The Federal Register is a daily journal of federal government activity that includes presidential documents, proposed and final rules, and public notices. It is a common measure of an administration’s regulatory activity, accounting for both regulatory and deregulatory actions.
From March 13, 2023, through March 17, 2023, the Federal Register grew by 1,266 pages for a year-to-date total of 16,530 pages.
The Federal Register hit an all-time high of 95,894 pages in 2016.
This week’s Federal Register featured the following 498 documents:
- 421 notices
- Six presidential documents
- 31 proposed rules
- 40 final rules
Eleven proposed rules, including proposed amendments to the General Services Administration Acquisition Regulation (GSAR) from the General Services Administration, and four final rules, including amendments to adjudication regulations regarding presumptive radiation exposure locations from the Veterans Affairs Department were deemed significant under E.O. 12866—defined by the potential to have large impacts on the economy, environment, public health, or state or local governments. Significant actions may also conflict with presidential priorities or other agency rules. The Biden administration has issued 87 significant proposed rules, 57 significant final rules, and four significant notices as of March 17.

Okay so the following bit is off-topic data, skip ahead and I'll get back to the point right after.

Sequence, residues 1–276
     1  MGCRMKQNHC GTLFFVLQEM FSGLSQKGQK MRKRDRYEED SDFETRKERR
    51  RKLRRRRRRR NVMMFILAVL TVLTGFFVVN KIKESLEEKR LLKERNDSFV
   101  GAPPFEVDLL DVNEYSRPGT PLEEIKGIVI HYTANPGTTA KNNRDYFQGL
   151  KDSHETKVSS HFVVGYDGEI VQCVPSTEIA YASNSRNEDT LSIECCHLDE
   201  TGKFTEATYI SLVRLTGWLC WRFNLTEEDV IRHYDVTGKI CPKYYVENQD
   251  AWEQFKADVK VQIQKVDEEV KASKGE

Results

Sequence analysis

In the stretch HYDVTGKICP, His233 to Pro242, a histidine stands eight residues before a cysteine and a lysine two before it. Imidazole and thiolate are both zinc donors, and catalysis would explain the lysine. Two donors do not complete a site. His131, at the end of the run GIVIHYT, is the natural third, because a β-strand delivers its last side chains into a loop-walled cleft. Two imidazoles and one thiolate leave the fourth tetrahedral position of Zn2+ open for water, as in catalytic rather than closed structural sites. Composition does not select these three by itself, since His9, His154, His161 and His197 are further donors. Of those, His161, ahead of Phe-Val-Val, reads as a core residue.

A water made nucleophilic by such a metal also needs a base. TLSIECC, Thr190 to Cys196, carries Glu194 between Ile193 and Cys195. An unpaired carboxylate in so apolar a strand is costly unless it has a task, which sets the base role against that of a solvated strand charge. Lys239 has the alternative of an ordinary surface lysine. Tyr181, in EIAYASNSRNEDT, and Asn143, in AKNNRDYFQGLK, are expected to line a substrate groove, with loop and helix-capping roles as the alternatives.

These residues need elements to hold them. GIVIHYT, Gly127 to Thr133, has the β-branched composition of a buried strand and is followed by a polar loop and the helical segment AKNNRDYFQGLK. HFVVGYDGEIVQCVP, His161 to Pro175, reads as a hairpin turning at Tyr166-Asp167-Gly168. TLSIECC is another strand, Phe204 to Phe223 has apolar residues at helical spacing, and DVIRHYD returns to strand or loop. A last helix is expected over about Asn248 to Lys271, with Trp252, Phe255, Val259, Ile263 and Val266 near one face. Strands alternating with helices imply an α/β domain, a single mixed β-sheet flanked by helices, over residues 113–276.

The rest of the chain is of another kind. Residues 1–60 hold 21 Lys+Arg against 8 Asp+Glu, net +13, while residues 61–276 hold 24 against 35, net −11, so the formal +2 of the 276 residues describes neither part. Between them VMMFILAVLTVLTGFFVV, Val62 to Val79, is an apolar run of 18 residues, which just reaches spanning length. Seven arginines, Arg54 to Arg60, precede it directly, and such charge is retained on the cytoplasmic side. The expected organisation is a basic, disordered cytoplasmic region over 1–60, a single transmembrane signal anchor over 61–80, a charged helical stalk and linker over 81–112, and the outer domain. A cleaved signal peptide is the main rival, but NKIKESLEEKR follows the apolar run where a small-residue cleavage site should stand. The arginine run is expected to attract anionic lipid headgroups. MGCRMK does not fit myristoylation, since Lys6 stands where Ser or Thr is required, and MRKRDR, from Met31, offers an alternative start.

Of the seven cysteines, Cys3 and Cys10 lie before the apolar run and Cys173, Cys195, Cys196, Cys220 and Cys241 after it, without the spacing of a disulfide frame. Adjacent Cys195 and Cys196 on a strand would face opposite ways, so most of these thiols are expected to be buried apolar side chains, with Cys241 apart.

Ballotpedia maintains page counts and other information about the Federal Register as part of its Administrative State Project. The project is a neutral, nonpartisan encyclopedic resource that defines and analyzes the administrative state, including its philosophical origins, legal and judicial precedents, and scholarly examinations of its consequences. The project also monitors and reports on measures of federal government activity.